|THE MAKING OF BEER- & Its Kosher Considerations
Beer is classified according
to its alcohol content, the bitterness level produced by the hops. The principal kinds of
beer are as follows:
Lager: Hops fermentation 10-12 days. After fermentation starts, it continues at
a slow pace with the beer stored in cellar conditions. When fermentation is completed, the
yeast and some additional substances settle out from the beer. Alcohol content would be
between 3% & 4%.
Ale: Fermentation time of 6-10 hours whereupon the yeast is skimmed off the surface
of the liquor. The yeast is of a different type than that employed in producing the lager
beer. No hops are added and the beer is sweet with an alcohol content of 3%.
Porter: A heavy, sweet ale with an alcohol content of 5%, and contains hops.
Stout: Very similar to porter, but with a higher content of hops.
Malt: The beer is sweet and black, is made with a rapid fermentation that leaves a
low alcohol content.
The principal constituents of beer are water, alcohol that is generated from the
fermentation of the sugar originating in barley malt and an extract of hops that imparts
to the beer its particularly bitter taste. The first stage in brewing, which does not
necessarily occur in the brewery, is preparation of the barley.
The barley that serves for preparing the malt is usually of a special species that is
grown specifically for this purpose. The two types of barley used for this purpose, are
the six-rowed barley that grows in the western parts of the USA, Canada, Europe &
Australia, and the two-rowed barley that grows in the Far East and in Europe. The malting
starts with the soaking of the barley grains in water at 140F-160F; the water is changed
several times, till it reaches a moisture content of 45%.
The barley grains germinate in 4-6 days and start sprouting. In the course of
germination there appear in the grain enzymes that decompose the starch of the grain into
individual molecules. The glucose molecules in the malted grain are now ready for
conversion into alcohol and carbon dioxide by means of yeast that is naturally in the air
and in the grain. This action of yeast is that which causes grain dough to become chometz
When the malting process is completed the grain is dried in an oven. (Mashing) The
drying temperature sets the color of the beer, because high-temperature drying converts a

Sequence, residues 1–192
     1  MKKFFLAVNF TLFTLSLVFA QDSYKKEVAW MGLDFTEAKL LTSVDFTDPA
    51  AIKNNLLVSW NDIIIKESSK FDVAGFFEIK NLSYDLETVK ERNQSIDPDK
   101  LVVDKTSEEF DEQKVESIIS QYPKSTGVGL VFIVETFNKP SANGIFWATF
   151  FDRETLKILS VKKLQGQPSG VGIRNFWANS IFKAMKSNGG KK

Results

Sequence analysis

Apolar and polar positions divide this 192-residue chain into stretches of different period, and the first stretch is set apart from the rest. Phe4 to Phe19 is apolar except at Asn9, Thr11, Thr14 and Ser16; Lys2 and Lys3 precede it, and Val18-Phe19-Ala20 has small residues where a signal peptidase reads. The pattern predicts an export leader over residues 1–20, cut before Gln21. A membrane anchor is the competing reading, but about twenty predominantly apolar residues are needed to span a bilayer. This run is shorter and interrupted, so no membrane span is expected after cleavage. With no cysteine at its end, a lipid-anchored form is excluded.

part of the sugar molecules into a dark substance. In addition, the roasting in the oven
affects the grain material, adding taste to the beer. In addition concentrated caramel
imparts color to the beer, & is produced separately. The sugar molecules are converted
into a dark coloring and are added to the standard malt.
The dry grain that is obtained after roasting is rather stable. It can be shipped over
long distances and be stored for a year or more. It is therefore possible to have beer
that was sown before the previous Passover and can avoid chodosh problems. It depends in
how late the current & the previous spring was as far as planting times.
Brewing: The process of brewing beer itself starts actually with the milling of
the malt in order to extract the starches and sugars that it contains. The milling is
performed in a manner that would minimize damage to the endosperm & the grain's shell.
After milling, the flour is crushed, kneaded & cooked in water at different
temperatures in the course of which more starch molecules are converted into sugars.
Enzymes naturally present in the grain cause this decomposition just as this happens
during malting. The cooking causes the sugars and starch parts to dissolve in water.
Insoluble parts of the barley grains remain in the water.
Upon termination of cooking the liquid is filtered and the clear part is called WORT.
Fermenting Beer With Yeast: The amount of sugar that is used in fermenting beer
is less than that used by making wine. The yeast will therefore remain active after the
fermentation. The alcohol content will be between 3-4%.
The beer liquor that is boiled also sterilizes it from bacteria & therefore it is
possible to re-use the yeast & it is very often re-used many times over. These yeasts
have to be concentrated when reusing, it can be done by centrifuge or by coagulators of
gelatin or vegetable coagulators.
The beer industry employees yeast cultures whose coagulating substance is agar agar
extracted from algae-a kosher substance, However, it may also contain in minute amounts
peptones which are protein derivatives. The peptones may be extracted from plants and from
A part of the carbon dioxide gas that is generated in the course of fermentation is
captured in the closed vessel & dissolves in the beer. This will cause foaming and an
antifoam agent will be used which needs kosher supervision. There is also a need for
additional foam stabilizes needed in the final product. A common stabilizer is propylene
glycol alginate, although inherently may be of a kosher origin it may have been produced
on equipment that was used for non-kosher esters.
The production of true, clear beer requires the addition of an enzyme. This enzyme may
be derived from microorganisms that were grown on a culture bed containing non-kosher
nutrients. The yeast within the culture gets its nutrients from the peptones, develops
within the vessels that contain the beer liquor. The question what effect that has on the
beer as far as kosher is concerned.
A problem frequently encountered in the marketing of beer is the appearance of a haze
that is caused by chilling the beer. This problem is combatted by the addition of papain
to the beer "chill-proofing". There are therefore added enzymes to decompose the
proteins and allow their re-dissolution. The method of extracting the enzyme from the
papaya fruit is by using an amino acid "cysteine" which serves as an
antioxidant. Cysteine is extracted from animal & human hair.